I was brought in for induction at 38 weeks on the 13th March 2017. It was a long process. 3 days later, it was classed as failed induction. I was offered a C-section, so I agreed. I was ready, they were ready. She could be here within an hour, let's do this. She was born at 10:58 a.m. on the 16th March. She didn't cry. She was whisked away and intubated. My husband was called into the side room and got to cut down her cord and take photos for me. 4 hours later, I was brought up to the NICU to see her. She was so fragile. She was on everything but ECMO. Her whole body was wobbling because of the oscillating ventilator. It's all a bit of a blur to be honest, but the NICU staff explained what everything was for, and we just sat and watched her. At 5 days old, she was ready to be transferred to Great Ormond Street Hospital, but they had no beds available! We had to wait till she was 9 days old to be transferred. It doesn't seem like much, but it felt like a lifetime! She had to go back on blood pressure medication, plus she needed extra support from the ventilator once transferred, so she needed time to settle before they could operate. At 12 days old, we got a call early in the morning asking us to come and sign paperwork for surgery. 4 hours later, she was repaired, and all went well. We met her surgeon who said she had everything up, including liver which we were told from scans they thought was down. He said she had very little diaphragm on her left, so has a large patch repair. Every day there was less medication and less oxygen. She eventually came home at 51 days old. No oxygen and feeding orally. SHE DID IT!
They were concerned about Livia gaining weight, as her reflux was terrible, and she vomited up most of her feeds. They asked us to come back for a weight check, in 3 days. We went back to hospital 3 days later (our first outing!) And when they undressed her to check temp and sats, I pointed out that it looked like she was working hard to breathe. So, they recommended an x-ray just in case. 1 hour later, they came and told us her patch had failed and she had reherniated. Our hearts broke. 3 days she was home. She was admitted straight away and had surgery 2 days later. They also did a Nissen Fundoplication to help with reflux and put a g-tube in for venting, as she was so young still. 7 hours after she fell asleep in Daddy’s arms under gas, she was back in the PICU. Oh, our little girl was all swollen and looked like a different baby. This hurt more than the first time around. Why, I don't know. Once out of PICU and on a post-op ward, Livia started breath-holding, which was the scariest thing for me. She was in so much pain, she was doing this. My heart was breaking, and I couldn't help her. They took her back to PICU for a night just to keep an eye on her, but she was okay the next day. 2 weeks later, she came home. Livia has thrived since coming home. She has been at the top end of weight charts since having her Nissen. It really made the world of difference for us.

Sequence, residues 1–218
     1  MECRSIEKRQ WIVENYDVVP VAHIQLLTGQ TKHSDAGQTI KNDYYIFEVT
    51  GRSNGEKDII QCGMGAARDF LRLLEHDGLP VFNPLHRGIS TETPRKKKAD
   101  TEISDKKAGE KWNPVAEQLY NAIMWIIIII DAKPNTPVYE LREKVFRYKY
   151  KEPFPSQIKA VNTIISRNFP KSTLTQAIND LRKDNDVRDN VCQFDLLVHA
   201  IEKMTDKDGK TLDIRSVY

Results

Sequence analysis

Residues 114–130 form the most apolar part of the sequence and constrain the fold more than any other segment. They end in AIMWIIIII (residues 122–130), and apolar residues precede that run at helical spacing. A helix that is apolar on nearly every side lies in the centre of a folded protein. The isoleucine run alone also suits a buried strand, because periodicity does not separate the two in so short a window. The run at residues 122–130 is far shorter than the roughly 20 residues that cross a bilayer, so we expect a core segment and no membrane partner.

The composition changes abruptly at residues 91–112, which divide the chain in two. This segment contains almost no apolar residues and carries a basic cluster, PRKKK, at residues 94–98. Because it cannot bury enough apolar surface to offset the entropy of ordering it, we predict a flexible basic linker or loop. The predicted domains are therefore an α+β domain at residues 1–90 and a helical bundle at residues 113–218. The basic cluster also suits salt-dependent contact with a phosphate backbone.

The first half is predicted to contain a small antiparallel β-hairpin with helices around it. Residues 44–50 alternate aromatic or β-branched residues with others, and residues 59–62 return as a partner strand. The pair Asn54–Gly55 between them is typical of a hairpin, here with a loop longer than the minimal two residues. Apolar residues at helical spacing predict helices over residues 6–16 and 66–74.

We found out just after Livia turned 1 that she has reherniated again. She isn't symptomatic, so we are waiting as long as possible to put her through surgery again. She is feeding, developing, and growing just as any almost 2-year-old, and her surgeon sees no need to take her in right now.
Livia is our absolute world, and we are so blessed. We have had the roughest few years, but they have been the best of our lives.
I hope we can bring hope to a family going through this journey x